Page 2 of 21 Apr 1830 Issue of Indianapolis Indiana Journal in Indianapolis, Indiana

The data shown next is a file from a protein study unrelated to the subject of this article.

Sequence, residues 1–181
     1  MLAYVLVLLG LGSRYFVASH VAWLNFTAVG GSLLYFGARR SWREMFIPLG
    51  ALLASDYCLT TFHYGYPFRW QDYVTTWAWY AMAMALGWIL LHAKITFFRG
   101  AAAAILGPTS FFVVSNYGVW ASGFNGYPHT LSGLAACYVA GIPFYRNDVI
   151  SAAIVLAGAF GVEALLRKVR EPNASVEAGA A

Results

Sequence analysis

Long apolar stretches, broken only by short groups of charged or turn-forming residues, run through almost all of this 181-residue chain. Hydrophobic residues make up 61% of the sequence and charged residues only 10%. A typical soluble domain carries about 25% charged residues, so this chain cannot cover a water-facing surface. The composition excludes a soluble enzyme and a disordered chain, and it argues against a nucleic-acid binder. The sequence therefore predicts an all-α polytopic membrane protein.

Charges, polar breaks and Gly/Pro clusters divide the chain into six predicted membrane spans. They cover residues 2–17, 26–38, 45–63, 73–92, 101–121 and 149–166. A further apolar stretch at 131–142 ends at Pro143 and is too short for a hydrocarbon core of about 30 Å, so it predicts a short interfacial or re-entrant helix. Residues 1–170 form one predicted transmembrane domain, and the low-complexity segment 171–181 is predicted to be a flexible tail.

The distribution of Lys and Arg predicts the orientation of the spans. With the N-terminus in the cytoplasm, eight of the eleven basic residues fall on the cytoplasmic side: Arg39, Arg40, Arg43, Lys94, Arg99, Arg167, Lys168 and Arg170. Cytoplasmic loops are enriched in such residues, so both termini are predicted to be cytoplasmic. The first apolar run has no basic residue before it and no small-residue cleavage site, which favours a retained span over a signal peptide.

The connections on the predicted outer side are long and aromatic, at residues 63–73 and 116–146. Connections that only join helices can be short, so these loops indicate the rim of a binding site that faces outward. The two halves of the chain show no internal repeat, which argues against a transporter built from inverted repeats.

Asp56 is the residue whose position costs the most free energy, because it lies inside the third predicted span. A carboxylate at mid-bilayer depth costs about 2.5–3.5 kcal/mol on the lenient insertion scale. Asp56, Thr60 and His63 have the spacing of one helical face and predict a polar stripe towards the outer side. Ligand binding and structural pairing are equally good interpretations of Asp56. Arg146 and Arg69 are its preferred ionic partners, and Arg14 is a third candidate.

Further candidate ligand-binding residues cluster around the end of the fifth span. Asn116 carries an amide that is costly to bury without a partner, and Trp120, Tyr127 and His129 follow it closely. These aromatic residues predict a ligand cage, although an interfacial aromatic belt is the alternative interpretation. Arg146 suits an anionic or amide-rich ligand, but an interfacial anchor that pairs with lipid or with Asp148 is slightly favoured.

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Indianapolis Indiana Journal (Newspaper) - April 21, 1830, Indianapolis, Indiana That my motives were pure and my. Convictions honest. X i had been led to believe that the e a Lection of Gene ral Jsckson to the presidency would be a Public Blessing inasmuch As i suf posed he would act up to the Soletti pledges he had made and Oxly Ith the wishes of his Friend Iii producing salutary Reform in the administration of the govern my fit. It has been with pain and mortification that i have witnessed the course pursued in Many removals from office but still i hoped to Sefe the expenses of the government retrenched and that his administration would be the most economical one yet known in the coun try. At this session i Felt myself called upon to investigate the various items of expenditure of the preceding and present administration and though my feelings and prejudices were strongly on the Side of the latter i was constrained to admit that the promised re Ibrom tvs not such As i had anticipated. As my consistency and my All Are at stake 1 exhibit the following Brief statement of the expenditures of the it government during the four years of or. Adam s administration and a comparison with those of the first year of the presen t administration As an ample justification of my course. 1 am persuaded that a glance at the statement will satisfy any one who looks with greater concern upon truth and the Good of his country than upon in the year i �25, on the 4lh of March or. Adams a inducted into Obice. The total expenditure for that year was 23,585,804 paid of the Public debt 12,095,344 making the expenditure for 1825, $11,490,460 after deducting the amount paid for the extinguish ment of said debt. The expenditure in 1826, was $24,103,298 a. I. U j j i a from this deduct am paid li04i082 fiends amp the to be re boarded political enemies punished is a doctrine evident it is also True that the president has recommended an increase of the pay Quot of foreign missions who How receive an outfit of $9000 and a salary of $9000 per annul. Calls have been made upon Sot a of the departments with a View to discharge those who might be considered sinecure in office. But none Are found while More Are called for. I discovering that i had been most egregiously mistaken in attributing All the errors of the government to the former and anticipating a thorough correction of them under present administration in which calculation 1 have been wholly disappointed and deceived can it be a matter of Surprise that i should abandon its support farther than conscience May Lead me and pursue a course which the love of truth and the great interests of my country most imperiously demand. I never can stoop to practice or countenance deception. As a member of Congress i am sworn to do my duty and that duty i will Endeavor to perform regardless of consequences. My motives were sincere and my object the Public Good. I sought no Honor i coveted no political distinction. I came Here to serve the people and As i thought to Advance their interests. I was deceived but the deception was discovered and i now protest against being used As an instrument longer to fan the flame of expectation among the people. As my motives and character Are now fairly spread before my countrymen who i am satisfied will judge of me according to the principles of Justice without being misguided by party rancor or prejudice i cheerfully come to a close with a few additional remarks upon one other subject. The present doctrine that political the expenditure will be in 1827 the total amount disbursed $13,062,216 $22,656,764 payment on account of the Public debt which is to be credited 10,003668 payment of awards under the 1st article of the treaty of Ghent it 398,646 making a total to be deducted $10402,314 and exhibiting the current expenses of the year $12,254,450 la the Yeai 1828, which was the last and doubtless the most painful of or. Adams administration the total expenses were $25,485,315 of this sum was paid for the reduction of the Public debt 12,163,456 also under the 1st article of the by dangerous to Liberty As it tends to destroy every thing in the shape of either Freedom in opinion or action. The present is the first Era in a free country in which history could justly record that a free Man was either to be persecuted or punished for opinion s Sake while continuing to regard his country its Constitution and its Laws each of which Promise and guarantee to him his Freedonia and his safety. At such a doctrine i Hope in god my heart May Ever revolt while it continues to act at All. Shall there be super added to this an indiscriminate Ravi be and Des treaty of Ghent 790,069 these sums being As before deducted from the _ / Gross amount drawn from the Treasury will j traction of character by the Means of who More Golty themselves arraign those whom they would wish considered so Euclia course would of sus taming the government of $12,531,790 i will now proceed to show the Progress of retrenchment and Reform a bout which myself and others have Long been clamorous by exhibiting an official statement of the expenditures of the year 1829, since the commencement of the Hue and cry relative to retrenchment in 1829, there Quot was disbursed the sum of $26,164,595 of this amount there was paid towards the Public debt the sum of 12,404,005 under the 1st article of the treaty it to Jhent 1,996 these sums being deducted from the amount drawn from the Treasury and expended will Lea e the Nett expenditure for the year 1829, at $13,758,594 thus it will appear that the expenditures of the first year of the administration of general Jackson exceed those of the first year of his predecessor �2,268,132, and those of every other year Between 700,000, and one million and a half of dollars. In the single item of expenditure for foreign missions according to the appropriations of this year there will be an excess of 65,500 Over that of the last year of or. Adams s administration to wit for foreign missions in i 830, $184,500 for contingent expenses of the same 30,000 be so cruel so useless and i May add so unprecedented that every honest Man May recoil at the idea. With these evidences before me of Liat i consider palpable error at the outset and of that extravagance which i did suppose would have been most certainly avoided under this administration and which by every sacred consideration which either the implied pledges of the executive or the express declarations of his supporters could create i ask is it strange that i should be distinguished my conscience approves the course which i have pursued and i am satisfied that i have not Only maintained my individual Independence but that i have stood Forth in the cause of the people whose interests and happiness i am determined to support to the Humble extent of my ability while engaged in their service and enjoying their Confidence. I fear not the censure nor do t seek the applause of the vile or the worthless. None can appreciate my conduct except those who know my motives and by the virtuous and the Hon $214,500 i Oracle they will be understood and re deduct from this the amount appropriated spec Ted rate a whilst they affected to justify it were very indignant at the exaggeration of the Nui Ilber of removals which we recollect was at one time reported at three Hundred. For merely publishing which As a report which we did not vouch for we were saluted with a Volley of abuse from the we de Battery of the Confederate press of Reader what is the fact an official report from the postmaster general in answer to a Resolution of the Senate requiring the information discloses the fact that the whole number of postmasters removed from office since the commencement of this administration is four Hundred and ninety one the nun Riber of the removals is not More remarkable than the manner in which they Are apportioned among the several states and territories. It would be super rotation to part in All its odious Oess the remarkable distinction Between different states in the application of this instrument of Reform it seems to have been directed with All the skill of those medical advisers who in the time of the inquisition always for humanity a Sake attended the infliction of the torture. Whilst in new Hampshire having six representatives in Congress five postmasters have been removed there have been removed in North Carolina having thirteen representatives Only four postmasters. Whilst m new York having thirty four representatives one Hundred and thirty one postmasters have been removed there have been in South Carolina having nine representatives whilst in Delaware having one representative there have been sixteen postmasters removed there have been removed in Virginia having Twenty two representatives Only eight Post pasters 1 list no one suppose that we Are now going to rail at these things nor even to visit them with the serious condemnation which they deserve. We Havck months ago spoken of them As we thought of them and we Appeal to the whole american people whether according to the postmaster general s own showing we then exaggerated or Quot set Down aught in Java Vional intelligencer extract from a speech of or. Barton in the Senate of the United states on the appropriation Bill. Reform Ohye crusaders of proscription be apostles of Reform be hypocrites who make Long faces and longer prayers provided be can get upon Exchange or at some Public Cross roads where the world can behold your Devotion first cast the beam out of your own Eye then shall be see More clearly to Pluck the Mote out of our Eye. Be whited sepulchres be look fair nay even White upon your exterior but your inside is full of corruption and dead men s Bones be Strain at a gnat and be Swallow a Camel be Only wished to get Possession of the government and Treasury and to subsidize the press. Reform you remind me of the fable of the boy and wolves in the spelling Book. He cried Wolf Wolf until he put the Good Shepherd off his guard when to the wolves came in Good Earnest and devoured the flock �7r>ii re it in Rel ref Erml until to cover a similar expenditure due for the year 1828, $149,000 it will then be perceived that the excess will be in the year 1830, Over that of 1828, the sum of�s2xft/five thousand five Hundred dollars. I now compare the appropriations made for the contingent expenses of the House of representatives while or. Clay was speaker of the House with those since made in 1822, they were $45,000 a in 1823, 40,000 in 1824, 60,000 in the year 1829, we find them 1106,000 inthe year 1830, 135,000 Isa aking the difference More than two to one Between hit and a former administration. I must also remark that in the year 1826, the pay to revolutionary pensioners exceeded by $400,000 the a mount at present allowed and that in addition to these other disbursements were made on account of treaties with a be Creek amp other Indian tribes. There was also embraced in the estimate of Quot that year the sum of $91,000 towards the Public buildings in Washington. From the foregoing examination and a variety of corresponding facts my mind As perfectly satisfied that instead of re trenching the expenditures of the government they increase a and where the work of increasing them is to Etc a i acknowledge that 1 am too Little skilled in the Oscilia ions of the times to pretend to say i Trust that i May be called on to answer no More As the duty is painful f i am to be sacrificed for being the Friend of or. Clay let it be so hat sooner sink for such a Man than Rise with any of the Cataline of the Day. Respectfully yours Thomas Chilton. And in the prostrate Laws and liberties of our country and now 1 believe it. And i would not Swap one genuine peal of american Thunder for All your sicilian and italian volcanoes no not even if you would throw Iceland into the bargain i go for american manufacture and for american Thunder it is 80 magnificent and grand i at Otheir tires i can liken you to nothing in the heavens above or on the Earth beneath unless it be a kind of american Domitian not darting your Lance through the wild boar of the Black Forest nor the rebellious German or scythian of the North but thrusting your Bodkin through the peaceful House flies upon the Wall and especially the weak the lame the Lazy and Dubberly flies that cannot very Well get out of your reach. That is Imperial sport it May be death to the poor flies for aught i know but who would condescend a midst the splendours of this reign to think of that it is sport for the emperor it is Imperial game and i go for Imperial game when 1 go a Hunting. Now i must part in Charity with the whole apostolic al race of reformers in this administration May they themselves repent and Reform i will say of them As a distinguished advocate of the West or. Grundy once said of the opposing witnesses in a cause should Tivey Iris pent and Reform the temporal Church will rejoice Angels will tune their harps anew and All the heavenly choir will sing Quot the vilest sinners have of in Zaita. An soon after i was elected to the govern ment Callender came on Here wishing to be made postmaster at Richmond. I knew him totally unfit for it and however ready i was to Aid him with my own charities and i then Jave him fifty dollars i did not think the pubic offices confided to me to give away As thus wrote or. Jefferson the president of the United states to a Friend with whom he held correspondence. In repelling the claims of Callender he acte in a manner worthy of his character and As became his station. Is it not strange that his name should have been made use of As a cover for the very things in others which he himself most condemned and especially in the very matter of Post office appointments some even of our friends we be Lieve thought that we were unnecessarily excited last summer at the Iyan ton removal of postmasters to a Ervin so you cried Reform Reform until you deceived the Public and put them off their guard when Jou rushed in yourselves in combined array and seized on the government and Treasury the emoluments and press so far As you could buy it and reformed us with a vengeance by turning out from All the High officers and most of the Low ones almost All but your own ravenous gang of expectant and bestowing with a prodigal and unpatriotic hand the treasures of the Republic upon your own mercenary corps. You wanted the places and the emoluments of office above All other things your conduct the loud tones of your actions speaking even louder than your deafening tongues proclaim them to have been your object and not your country s Good your combination still utter the faint cry of coalition the shrill cry of coalition rises on the tempest of combination that now desolate the Law and liberties of the country like the shrieks of a ghost in the intervals of a Midnight storm be apostles of Reform i liken you to an american Jove seated on High above the reach of very Little mortals and hurling your Thunder bolts at what not at the colossal or Gigantic speculators of the Day not at the Mountain tops or the tall Pine or Etui Jcoy Oak of the american Forest but at 4he bruised Hyssop at the foot of the Gardei Wall that is american Thunder or. President. I have often heard that a Merican Thunder is better than All the thunders of the old world but i had no proof of the fact until the beginning of this reign Bot now i have heard it and Felt it not in my own person but Mere party views or to punish opponents or Reward partisan so the de readers o this organized add Dilibe a the que of Roy country Biea and Fri oads act providing for the opening of part of the Michigan Road. Approved january 29, 1830. Section 1. Be it enacted by the general Assembly of the state of Indiana the it so much of said Michigan Road As lies Between the Wabash River and the Ohio River at the town of Madison shall be and the same is hereby directed to be Cut and opened one Hundred feet wide Between the first Day of August 1830, and the last Day of november 1831, in the manner following to wit Cut and Clear off of said part of said Road All the logs Timber and under Brush leaving no s ump More than one foot above the level of the Earth and grub thirty feet wide in the Centre of said Road in the same Way and manner that the United states Cumberland Road is grabbed through the state of Indiana a accept where the Timber is now Cut off the Centre of said Road and on such part of said Road no grubbing shall be Dune. Sec. 2. That Noah Noble of Marion county be and he is hereby appointed a contract commissioner to carry the provisions of this Bill into effect and for that purpose he is hereby directed to Lay off said Road into districts of not More than four Miles in length beginning at the town of Madison and number said districts in nut Merical order one two three and so on and shall then after giving three weeks notice in the neighbourhood of each Road District of the time and place of Sale proceed to let the same to the lowest bidder at such times and places As said commissioner shall name in his notices so As to have the whole under contract by the third monday in july 1830. Sec. 3. It shall be tha duty of said commissioner to take Bond payable to the state of Indiana in double the a mount of such undertaker s contract with at least two Good and sufficient securities conditioned for the True and faithful performance of the contract of such undertaker within the time and in the manner contracted for. Sec. 4. So soon As any such undertaker shall have performed his contract to the Santisi action of said commissioner it shall be the duty of said commissioner to give to such contractor or undertaker under his hand and Seal a certificate stating the amount due to such contractor and what it is due for and said certificates when so signed sealed and delivered shall be payable out of the first moneys arising from the Sale of the Michigan Road lands and shall be receivable in payment for said lands when offered for Sale. Sec. 5. It is hereby made the duty of the Secretary of state to Rii Ake out the form of the certificates and Hare them Well and neatly printed on the Best Quality of paper and number them in numerical order one two three and so on and record them in a Book for that purpose and after the said commissioner shall have signed and sealed them the Secretary of state shall attest them before they Are delivered to the person in whose favor they Are drawn. Sec. 6. The said commissioner ber fore he enters upon the duties of his office shall give Bond in the sum of fifty thousand dollars with at least three sufficient securities payable to the state of Indiana conditioned for the True and faithful performance of his duties As such commissioner which said Bond shall be taken by the clerk of the circuit court of Marion county Indiana and shall be by him disposed of As follows Viz first he \ shall cause it to be recorded in the recorder s office of said county of Marion and then shall Forward a True copy thereof under the Seal of said circuit court to the Secretary of state to be by him recorded and filed and pre served in his office and the original shall then be filed by said clerk in the said circuit court clerk s office. Sec. 7. Said commissioner shall keep a Complete record of All his proceedings the persons with whom he contracts the amount and particulars of each contract and the time when each contract May or shall be completed and All other proceedings necessary to be perpetuated and shall Laya True copy of ail his proceedings before both branches of the general Assembly at their next annual session within the first week of said session. Sec. 8. Said commissioner shall receive the sum of two dollars per Day for his services for each Day he shall be engaged in Sevic Msj under the provisions of this act payable out of the first monies arising from the Sale of the said Michigan Road lands. Sec. 9. That if the said commissioner hereby appointed shall refuse to accept the appointment or shall fail to give Bond As required and take upon himself the duties of said office on or before the first Day of april 1830, or if a vacancy shall at any time happen in any Way in said office of said commissioner it shall be the duty of the governor immediately to appoint some person to fill said vacancy and the person so appointed shall within ten Days after his appointment accept or reject said appointment and if accepted such person shall in All this be governed by the provisions of this act this act shall take effect and be Iii Force from and after its passage. Alien Robert b Bishop Joseph june. Barnhill clemency Buell Buell Samuel Bellia Eliz both d dem ids Jacob h Harding Sanuel Jocko Ian Tibet a. ,, from the Indiana a meeting of a number of the citizens of Jefferson county held a the court House in the town of Madison on saturday the 3d Day of april 1830, pursuant to previous notice thereof Given. John Sering Esq. Was called to the chair and James h. Wallace appointed Secretary. Afier the object of the meeting was particularly made known by the chairman the following resolutions were a read and unanimously adopted Viz resolved that we will without de a improve and make a Good Road with sufficient Bridges across the Small streams from the town of Madison to the county line towards the town of Vernon. Resolved that we will assist the people of the counties of Jennings and Bartholomew to make a Good Road with sufficient Bridges from the crossing place at Sand Creek Klap s Mill to Clifty near Columbus. Resolved that Richard c. Talbott c. P. J. Arion John Erwin John King and j. F. Cd. Lanier be appointed to wait on every Man in the town of Madison and such other persons As they May think proper and solicit their Aid in carrying into effect the object of the above resolutions. Resolved that Robert Branham and John Wallace be appointed to expend the monies that May be subscribed in pursuance of the above resolutions with authority to receive the a mount so subscribed the said bran Ham s District to extend from Madison to the crossing of the Middle Fork of big Creek and that said Wallace s District extend from there to the Jennings county line. Resolved that said committee shall severally receive the sum of a 25 cents per Day for their services whilst acting As such. Resolved that James c. Patton Robert Kinnear and James Burns be appointed to. Receive subscriptions in the county for carrying into effect the objects of the above resolutions the said subscription to be in Cash or labor As May Best suit individuals subscribing. Resolved that the people of the several counties through which said Road May pass to Indianapolis be invited to co operate with us in the improvement of said Road. Resolved that these proceedings be published in the Indiana Republican. On motion the meeting adjourned to meet again on the first Day of May next. John Sering Ca n. J. H. Wallace Sec. A list of Liet Teirs remaining in the Post office at Edinburgh ind. On the last Day of March 1830, which if not taken out within three months will be sent to the general Pott offic As dead letters. Am. Marah Jacob p pm de Benjamin s Shu maker Adam w weat Berat Thorn a h. Woodruff Joab Esq. T Young Jacob